Rob Lowe is Drew Peterson, the cop/ladies man whose wives had the bad habit of dying or disappearing, triggering a media circus and his eventual indictment. And that’s about all there is to say about “Drew Peterson: Untouchable,” a Lifetime movie that could win the Emmy for most distracting hairstyling. Aside from his blow-dried mop, Lowe affects an accent that sounds like he’s impersonating William H. Macy in “Fargo.” In any event, the ratings battle will likely be won simply by the title, even if any resemblance between this and an actual fleshed-out movie is purely coincidental.
Peterson is introduced atop his third wife, Kathleen (“Mad Men’s” Cara Buono), casually revealing his nakedness to his young son, saying it’s time the kid learned why he’s called “Big Daddy.” In terms of establishing Peterson’s prick credentials, it’s a convenient bit of shorthand.
Soon enough, the Illinois police sergeant is flashing a toothy grin at young Stacy (“The Big Bang Theory’s” Kaley Cuoco), and beginning a brazen affair, including trysts in his own basement. But his soon-to-be-ex is making life difficult, only to wind up dead in her bathtub, the convenient victim of an apparent suicide.
Stacy is inclined to believe the best of Drew, but his behavior becomes increasingly jealous and erratic, leaving her little recourse but to ask him to leave, which he refuses to do. When she disappears, the action shifts primarily to her neighbor Karen (“The Shield’s” Catherine Dent), who presses for an investigation; and Drew, who continues to mock and taunt media members who surround his home practically nonstop.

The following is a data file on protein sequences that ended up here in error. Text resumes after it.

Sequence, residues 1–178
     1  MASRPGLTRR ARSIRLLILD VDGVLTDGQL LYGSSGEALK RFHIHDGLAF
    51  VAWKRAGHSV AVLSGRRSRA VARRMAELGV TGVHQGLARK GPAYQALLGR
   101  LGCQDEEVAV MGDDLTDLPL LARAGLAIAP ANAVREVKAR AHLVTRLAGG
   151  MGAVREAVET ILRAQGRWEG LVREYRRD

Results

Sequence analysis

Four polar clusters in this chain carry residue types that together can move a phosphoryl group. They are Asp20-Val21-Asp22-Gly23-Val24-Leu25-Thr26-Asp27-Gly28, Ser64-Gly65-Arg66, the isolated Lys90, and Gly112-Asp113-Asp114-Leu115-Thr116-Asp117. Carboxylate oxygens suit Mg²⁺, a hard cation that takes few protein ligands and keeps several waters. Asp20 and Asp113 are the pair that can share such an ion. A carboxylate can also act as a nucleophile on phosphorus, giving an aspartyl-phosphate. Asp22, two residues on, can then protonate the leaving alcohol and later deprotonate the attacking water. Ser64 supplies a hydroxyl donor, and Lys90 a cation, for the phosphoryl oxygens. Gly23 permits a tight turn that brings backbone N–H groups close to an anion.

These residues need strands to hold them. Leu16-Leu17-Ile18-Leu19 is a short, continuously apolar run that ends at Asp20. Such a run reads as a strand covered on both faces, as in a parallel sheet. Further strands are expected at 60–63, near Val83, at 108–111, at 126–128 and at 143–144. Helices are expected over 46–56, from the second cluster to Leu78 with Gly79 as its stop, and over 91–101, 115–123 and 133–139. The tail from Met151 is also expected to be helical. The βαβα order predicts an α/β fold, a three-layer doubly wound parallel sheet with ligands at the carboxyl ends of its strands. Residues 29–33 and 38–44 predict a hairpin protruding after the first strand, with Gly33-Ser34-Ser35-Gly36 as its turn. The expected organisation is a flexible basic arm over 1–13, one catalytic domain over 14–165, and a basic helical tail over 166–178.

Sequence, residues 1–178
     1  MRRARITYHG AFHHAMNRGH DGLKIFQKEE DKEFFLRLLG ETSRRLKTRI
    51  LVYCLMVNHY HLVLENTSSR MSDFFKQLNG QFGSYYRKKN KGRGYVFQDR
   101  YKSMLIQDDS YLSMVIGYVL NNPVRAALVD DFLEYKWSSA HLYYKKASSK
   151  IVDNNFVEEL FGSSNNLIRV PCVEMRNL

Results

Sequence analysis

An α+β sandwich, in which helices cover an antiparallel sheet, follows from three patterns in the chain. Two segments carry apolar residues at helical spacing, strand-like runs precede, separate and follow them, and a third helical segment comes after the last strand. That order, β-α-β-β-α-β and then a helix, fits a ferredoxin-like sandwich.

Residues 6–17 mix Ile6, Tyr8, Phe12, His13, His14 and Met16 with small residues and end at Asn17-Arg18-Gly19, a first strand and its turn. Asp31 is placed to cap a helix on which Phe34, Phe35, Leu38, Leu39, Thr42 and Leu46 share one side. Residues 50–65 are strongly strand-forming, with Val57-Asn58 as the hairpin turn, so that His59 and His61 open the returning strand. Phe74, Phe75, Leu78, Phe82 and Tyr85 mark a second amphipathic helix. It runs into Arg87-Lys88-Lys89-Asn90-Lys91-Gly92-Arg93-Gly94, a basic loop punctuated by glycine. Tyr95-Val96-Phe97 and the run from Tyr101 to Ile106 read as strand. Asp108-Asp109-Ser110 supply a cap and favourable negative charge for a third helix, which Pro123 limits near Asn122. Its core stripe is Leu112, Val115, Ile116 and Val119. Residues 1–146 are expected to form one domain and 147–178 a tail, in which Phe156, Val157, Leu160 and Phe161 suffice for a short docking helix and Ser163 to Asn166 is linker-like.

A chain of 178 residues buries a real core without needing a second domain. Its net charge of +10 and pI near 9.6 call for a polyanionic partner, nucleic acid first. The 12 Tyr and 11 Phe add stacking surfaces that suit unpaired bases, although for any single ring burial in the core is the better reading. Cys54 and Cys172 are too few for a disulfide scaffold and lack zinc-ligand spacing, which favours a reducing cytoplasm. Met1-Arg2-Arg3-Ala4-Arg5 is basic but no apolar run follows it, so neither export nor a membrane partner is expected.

Written by Teena Booth and directed by Mikael Salomon, the movie pretty much ends for all intents and purposes with Stacy’s exit. After that, it’s mostly a recreation of media moments, extensively drawing on clips from “Today,” CNN and the like, with Drew occasionally shown watching himself on TV.
The incomplete nature of the story (based on a book by Joseph Hosey) doubtless handicapped the filmmakers, but even so, the movie withers due to its inability to get under Peterson’s skin — or ever make you stop thinking of Lowe as the made-up, made-for-TV version of him. His performance is all squint and swagger, never remotely convincing.
Due to those drawbacks, “Untouchable” doesn’t even quite succeed as pure trash. It’s too squishy for that — if perhaps destined to be remembered forever for the moment of pure kitsch when Drew gazes at Karen dismissively and says, “I’m untouchable, bitch.”
Fortunately for Lifetime, thanks to all the media attention Peterson’s case received, the movie might pay off as something the philandering Drew could appreciate: a mindless fling with someone who in hindsight is touchable — and very nearly unwatchable.